“And they’re scared to death to go into a large corner of my ranch. It’s a potential death zone. The cartels have had wetbacks light two different fires for them back there, as a diversion tactic. They want to do something big, smuggle something big over at a different spot, and they have these wetbacks light fires. One time, it was the BP themselves who told them to light it. The wetbacks called the BP and told them they were lost, and needed help. So the fuckin’ BP tells them to light the brush on fire so they can find them. And then I have to pay for the damage.”

He turned sideways and pointed to a large hill, northwest of us, on the American side.

“And when the National Guard was here a few years ago, right up there, they did nothing. It was ridiculous, a complete waste, They set up a camp on the hill above our house, without bullets, and did nothing but stare at us all day long. Stare at my wife with binoculars.”

“They weren’t allowed to have bullets?’


I put forth a theory to him. “I think these cartels are insurgents, really. I see what they do, and it’s the same shit that was done in Iraq, with a different motive. In Iraq, it was an ideologically-driven insurgency, an ideologically-driven attempt to replace the state. This insurgency here, it’s money-driven. Because these cartels need to operate without the state shutting down their activities, they also need to replace it , or at least control it as much as possible. So they do this by intimidating, bribing, and killing politicians, judges, cops, the military, journalists, and even the citizens. They wage a war. Mexico’s President said the very same thing in an interview with the L.A. Times a few weeks ago. He flat out said “We have to no longer view this as a criminal enterprise, but as an attempt to replace the state.” And these fuckers are so crazy, so driven by greed, that there’s no way a little thing like a borderline is going to stop them. So they are importing this insurgency right into our country. And they’ve been so successful in Mexico, defeating Mexican military units on the open battlefield, controlling huge swaths of the country, that their success has made them think they can pull it off here. This is why they have hits out on Sheriffs Arpaio and Babeu. And why not? They’ve succeeded at it so far. Do you think that this process, this insurgency, has migrated northward into our own country? Do you think that’s what’s happening?”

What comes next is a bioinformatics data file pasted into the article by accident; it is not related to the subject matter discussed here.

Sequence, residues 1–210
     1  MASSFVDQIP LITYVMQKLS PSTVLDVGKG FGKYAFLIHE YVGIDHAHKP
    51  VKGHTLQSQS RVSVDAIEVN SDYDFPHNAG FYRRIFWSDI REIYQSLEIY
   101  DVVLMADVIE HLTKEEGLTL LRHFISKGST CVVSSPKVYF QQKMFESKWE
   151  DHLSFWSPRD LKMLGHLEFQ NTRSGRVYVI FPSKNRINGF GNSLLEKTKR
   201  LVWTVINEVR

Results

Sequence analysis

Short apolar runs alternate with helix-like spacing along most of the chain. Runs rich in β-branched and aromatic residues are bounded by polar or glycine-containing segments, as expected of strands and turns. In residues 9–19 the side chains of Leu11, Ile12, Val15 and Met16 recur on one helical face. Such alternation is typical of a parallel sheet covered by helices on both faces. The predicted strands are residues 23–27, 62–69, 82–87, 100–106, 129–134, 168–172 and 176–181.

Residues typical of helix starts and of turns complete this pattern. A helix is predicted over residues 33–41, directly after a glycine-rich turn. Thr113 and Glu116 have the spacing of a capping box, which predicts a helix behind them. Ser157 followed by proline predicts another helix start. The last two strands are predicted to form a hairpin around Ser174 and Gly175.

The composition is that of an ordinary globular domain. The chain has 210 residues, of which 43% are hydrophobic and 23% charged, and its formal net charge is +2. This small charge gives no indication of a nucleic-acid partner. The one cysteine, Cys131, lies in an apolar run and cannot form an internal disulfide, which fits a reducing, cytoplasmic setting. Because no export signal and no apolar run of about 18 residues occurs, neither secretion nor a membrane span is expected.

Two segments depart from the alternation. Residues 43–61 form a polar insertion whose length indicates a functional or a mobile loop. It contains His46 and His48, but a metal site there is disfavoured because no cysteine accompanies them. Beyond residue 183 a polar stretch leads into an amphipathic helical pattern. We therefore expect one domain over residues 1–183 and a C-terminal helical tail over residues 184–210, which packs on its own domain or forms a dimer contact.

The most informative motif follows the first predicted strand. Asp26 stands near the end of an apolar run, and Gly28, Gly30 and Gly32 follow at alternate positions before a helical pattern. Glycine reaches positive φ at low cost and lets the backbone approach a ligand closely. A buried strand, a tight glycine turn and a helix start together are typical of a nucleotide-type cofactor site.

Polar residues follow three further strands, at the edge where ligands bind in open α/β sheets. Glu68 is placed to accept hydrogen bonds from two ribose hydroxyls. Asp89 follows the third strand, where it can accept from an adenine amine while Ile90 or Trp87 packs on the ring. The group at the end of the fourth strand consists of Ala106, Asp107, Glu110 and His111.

“You bet it is. And anyone who doesn’t believe it, is a fool.”

He brought up the closest town, Arivaca, population less than 2,000, inhabited largely by Mexicans and 60’s hippies who founded a commune there, and their offspring.

“Look at Arivaca. The white hippies, they’re leftists still playing revolutionaries. Many of them provide drop houses for the cartels and…”

“Do any of them get caught for it?”

“Not that I’ve heard of. And I know that town well.”

“How in the fuck in a town of less than 2,000 people, where everybody knows everybody, do the sheriffs not know about dozens of drop houses, and therefor not arrest anybody? That’s just not possible, unless they’re being paid off, or are too scared to act.”

He looked at me with the slyest of grins. “You tell me.”

“I just spent the morning in the one cantina there, it’s like, the oldest operating saloon in Arizona or some shit.”

“You’re lucky you didn’t get made and followed”, he said, “because that’s the cartel’s main hangout in town. The other one is the bar on the hill.”

“Like I said, I guess I’m going to have to watch my back everywhere, because I can’t trust anybody, can I?”

“You bet. Yes you are”.

We spoke a bit more. He requested anonymity, although he noted that with the details he’d given me, many people were going to know who he was. “Fuck it”, he said, “I’m tired of keeping this all quiet, of not standing up. It’s gone too far, and something has to be done. We have to commit fully, and fight. In fact, you know what you should do, you should sit down with all the ranchers in the area, and do a massive interview.”

“Can you put that together for me?”

“I can talk to them, and see. But I think they’ll do it.”

We parted company. I left much wiser, I thought, sobered and educated to the fact that being in America no longer necessarily meant not being on the front lines of a true war. I was disturbed, perplexed, at how I had left Iraq to come home and find myself battling what was materially a carbon-copy insurgency. And I now carried the deepest of concerns for X, his family, and all the other ranchers in the corridor. They lived in a war zone, flat out.

The next day, I stayed behind to do administrative work in the SAFE office. SAFE, (Secure America Forever) is the information operations, political operations, citizen patrol (militia) operations, and legal operations organization that I founded to protect the southern border. The last few days in the field were the start-up of our militia activities. Grizz and Reloader went out on a scout, however, and returned that night. They were very excited about having gotten a similar download from a near-renegade Border Patrol agent, one of the old-timers that X had told us the BP was pushing out. But they were also somber, there was something they were kind of dancing around, I could tell. And then, when there was nothing left but one thing to report, they said, “BP Agent X knows Rancher X. He said we must have gotten him on a good day. He said he has good days and bad days. He said he agreed with Rancher X’s prognostication about the coming bloodbath, and so did Rancher X’s son, and he killed himself over it, last year.”